Earlier in life younger men and younger women will focus on externals. Is my boy/girlfriend attractive? Are they hip? Are they impressive? Do they dress well? What kind of job do they have? What bands do they like? Do other people think they’re cool?
By the time some life experience has smoothed off our edges a bit, both genders are far more interested in temperament than anything, because that is ultimately the quality that you actually live with. Because who really cares how attractive someone is if they make you feel ugly? And it doesn’t really matter if they’re rich if they make you feel poorly.
Has advertising and commercial aspects of society trained us to look for the wrong things? Of course it has. Because they’re not interested in showing us what we need to know. They’re interested in showing us what will convince us to buy their product. So they’ll focus on things they can sell us. But life experience will expose that those things aren’t what we will ultimately care about. Because you don’t live with someone’s looks. And it doesn’t matter how much money they have if you don’t have fun or feel beautiful when you’re with them.
In the end what matters is, can this other person forgive your mistakes, and do they treat you in a way that encourages you to be generous with them? Because the best relationships are about giving and appreciating, and they exist in a framework of forgiveness. If no one is expecting perfection, then there will be a lot of happiness. But if someone is thinking that good looks or money can save you from hassles in a relationship, then they’ve misunderstood. There is no one being saved from hassles, period. Life is really just another word for growing by facing hassles.
So when someone more mature is looking for beauty, they’ll look for a face that’s quick to smile, or a body that’s quick to dance. They’ll look for someone’s capacity to have fun, and they’re willingness to forgive others. They’ll look for optimism and humility, not ambition and power. Because in the end there is nothing to achieve anyway. We simply all just die. So how nice your house is, or what you drive, or what you wear is a blip in time.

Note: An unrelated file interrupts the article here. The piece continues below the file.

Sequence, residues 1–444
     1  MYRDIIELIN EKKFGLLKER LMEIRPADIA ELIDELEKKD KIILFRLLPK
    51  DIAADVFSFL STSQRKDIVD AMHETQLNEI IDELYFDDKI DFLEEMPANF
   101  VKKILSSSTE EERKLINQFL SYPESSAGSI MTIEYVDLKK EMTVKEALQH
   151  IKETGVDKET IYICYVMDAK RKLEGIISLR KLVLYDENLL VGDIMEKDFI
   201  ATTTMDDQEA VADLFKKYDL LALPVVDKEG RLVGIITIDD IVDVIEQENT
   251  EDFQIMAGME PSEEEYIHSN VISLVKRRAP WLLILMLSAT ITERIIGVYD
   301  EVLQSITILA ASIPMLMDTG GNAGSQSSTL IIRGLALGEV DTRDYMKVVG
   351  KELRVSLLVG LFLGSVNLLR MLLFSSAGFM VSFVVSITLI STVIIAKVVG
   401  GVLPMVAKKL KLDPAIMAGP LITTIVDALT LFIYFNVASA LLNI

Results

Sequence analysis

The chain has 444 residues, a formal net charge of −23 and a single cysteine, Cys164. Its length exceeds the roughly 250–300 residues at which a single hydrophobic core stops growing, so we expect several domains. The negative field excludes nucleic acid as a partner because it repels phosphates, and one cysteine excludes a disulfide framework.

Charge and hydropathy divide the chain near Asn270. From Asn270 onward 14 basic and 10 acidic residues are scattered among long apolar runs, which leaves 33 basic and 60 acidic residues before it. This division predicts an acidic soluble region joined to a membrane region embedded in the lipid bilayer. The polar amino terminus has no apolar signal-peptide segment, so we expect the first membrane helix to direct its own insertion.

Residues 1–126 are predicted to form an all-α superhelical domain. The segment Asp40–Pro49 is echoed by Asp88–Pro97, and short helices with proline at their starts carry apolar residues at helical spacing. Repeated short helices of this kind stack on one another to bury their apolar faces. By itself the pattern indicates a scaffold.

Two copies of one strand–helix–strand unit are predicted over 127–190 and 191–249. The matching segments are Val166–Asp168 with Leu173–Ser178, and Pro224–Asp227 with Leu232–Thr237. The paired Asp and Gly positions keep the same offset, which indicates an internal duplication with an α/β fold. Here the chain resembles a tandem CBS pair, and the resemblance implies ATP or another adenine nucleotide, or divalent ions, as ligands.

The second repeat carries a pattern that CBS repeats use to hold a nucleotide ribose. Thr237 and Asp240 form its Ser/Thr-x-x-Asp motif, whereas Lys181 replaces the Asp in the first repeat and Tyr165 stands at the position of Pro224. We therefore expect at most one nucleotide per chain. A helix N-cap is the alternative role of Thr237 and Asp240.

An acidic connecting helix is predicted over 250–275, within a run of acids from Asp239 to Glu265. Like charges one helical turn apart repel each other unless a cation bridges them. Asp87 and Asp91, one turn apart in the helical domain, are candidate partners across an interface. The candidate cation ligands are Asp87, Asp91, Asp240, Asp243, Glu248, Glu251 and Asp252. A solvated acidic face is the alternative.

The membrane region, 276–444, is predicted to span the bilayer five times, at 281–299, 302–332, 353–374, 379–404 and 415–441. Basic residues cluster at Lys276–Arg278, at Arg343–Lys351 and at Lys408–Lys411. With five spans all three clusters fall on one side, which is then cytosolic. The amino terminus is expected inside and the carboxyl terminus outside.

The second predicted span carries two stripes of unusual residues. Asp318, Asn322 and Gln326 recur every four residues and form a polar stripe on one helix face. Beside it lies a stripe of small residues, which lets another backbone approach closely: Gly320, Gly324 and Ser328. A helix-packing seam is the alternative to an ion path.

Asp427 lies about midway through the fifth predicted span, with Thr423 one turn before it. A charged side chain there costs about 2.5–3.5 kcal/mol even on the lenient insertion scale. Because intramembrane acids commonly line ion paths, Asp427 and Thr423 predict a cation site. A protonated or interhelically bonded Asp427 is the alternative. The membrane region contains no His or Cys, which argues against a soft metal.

Within a few dozen years after your death there will only be a handful of people that will even remember that you existed or who give you a moment’s thought, so what you achieve is meaningless. What will echo going forward, is the tone you set with your life. Were you a good example of happiness and forgiveness? Did you help to build a more tolerant, constructive society? Those effects will live on subtly in the people that come after you. But no one will care what you wore, how nice your breasts were, or how much money you made.
Never let outside forces dictate to you how you should be. Because no one should be any other way than the way you naturally are. Because unless you are actually being who you truly are, the people that would be naturally attracted to you won’t be able to find you.
Shine like a beacon. Let the world know who you truly are. Because that kind of authenticity is both attractive and powerful. And it will hold a relationship together with far more strength than any amount of physical beauty or any amount of wealth.
To be rich is to treat others generously. To be beautiful is to treat them lovingly. So when you’re looking for who can improve your life, look for people who look like they already know how to enjoy theirs.
Scott McPherson is an Edmonton-based writer, public speaker, and mindfulness facilitator who works with individuals, companies and non-profit organizations locally and around the world.
Following a serious childhood brain injury Scott McPherson unwittingly spent his entire life meditating on the concepts of thought, consciousness, reality and the self. This made him as strange to others as they were to him. Seeing the self-harm people created with their own overthinking, Scott dedicated part of his life to helping others live with greater awareness. He is currently a writer, speaker and mindfulness instructor based in Edmonton, AB, where he finds it strange to write about himself in the third person.